Materials that detail the District's document retention policies are relevant in that they may show whether the MPD radio communications were maintained according to standard procedure. See Doe v. District of Columbia, 230 F.R.D. 47, 56 (D.D.C. 2005) ("Rule 26(b)(1) may be construed to allow for discovery of document production policies and procedures in allowing '[p]arties [to] obtain discovery regarding any matter . . . including the existence, description, nature, custody, condition, and location of any . . . documents."). The District will therefore produce these documents.
B. No. 3: All Documents identifying MPD officers working in PSA 301 on November 15th and 16th, 2005 (3-11 shift 11/15; midnight shift 11/15-16; day shift 11/16), and any other MPD officers on special assignments, details, initiatives, or shifts that involved deployment within or around PSA 301 on those dates, including but not limited to any log books entries, rosters, roll call attendance sheets, time and attendance records for the Third District Station and Substations, and any dispatcher records.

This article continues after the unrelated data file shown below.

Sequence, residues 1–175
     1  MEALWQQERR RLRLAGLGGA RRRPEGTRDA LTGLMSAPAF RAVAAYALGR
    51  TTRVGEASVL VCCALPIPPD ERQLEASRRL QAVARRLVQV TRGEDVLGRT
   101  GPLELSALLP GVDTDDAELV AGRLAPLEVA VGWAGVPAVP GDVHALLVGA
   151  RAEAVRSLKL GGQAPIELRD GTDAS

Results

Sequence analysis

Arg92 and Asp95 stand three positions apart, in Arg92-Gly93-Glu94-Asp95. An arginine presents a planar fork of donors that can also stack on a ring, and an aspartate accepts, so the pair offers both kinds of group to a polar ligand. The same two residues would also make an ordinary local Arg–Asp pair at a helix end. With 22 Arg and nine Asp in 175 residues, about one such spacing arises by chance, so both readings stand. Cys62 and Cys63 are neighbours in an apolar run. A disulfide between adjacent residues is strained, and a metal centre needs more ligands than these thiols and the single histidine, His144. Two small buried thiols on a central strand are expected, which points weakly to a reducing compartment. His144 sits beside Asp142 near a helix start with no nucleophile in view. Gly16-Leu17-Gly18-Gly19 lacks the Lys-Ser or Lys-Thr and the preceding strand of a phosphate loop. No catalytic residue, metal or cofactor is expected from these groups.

Plaintiff contends that she has received an incomplete set of documents. Specifically, plaintiff claims that while she received the computer-printed roll call sheets for the 0600-1430 shift for November 15, 2005 and the handwritten log-book pages for the 2200-0630 shift for November 16, 2005, she actually sought both types of records for the entire time period in question. Plaintiff's Reply in Support of Her Motion to Compel Discovery ("Plains. Reply") at 4.
Initially, the District did not object to this request but only stated that it had no responsive information but that it would produce what it had when it became available.
Plains. Mem. at 16. Its claim, made for the first time in its objection to plaintiff's motion to compel, that the request is overly broad, seems to have been waived. Peskoff v. Faber, 244 F.R.D. 54, 64 (D.D.C. 2007). In any event, the District has already provided plaintiff with a partial set of responsive documents. It would not be unduly burdensome for it to supplement its production by providing plaintiff with both the computer-printed roll call sheets and the handwritten log-book pages for the three duty shifts identified by plaintiff in this request for production. This seems to present the best hope of capturing the names of everyone on duty in the period of time when the plaintiff was in police custody and seems to be the fastest and simplest way to do it.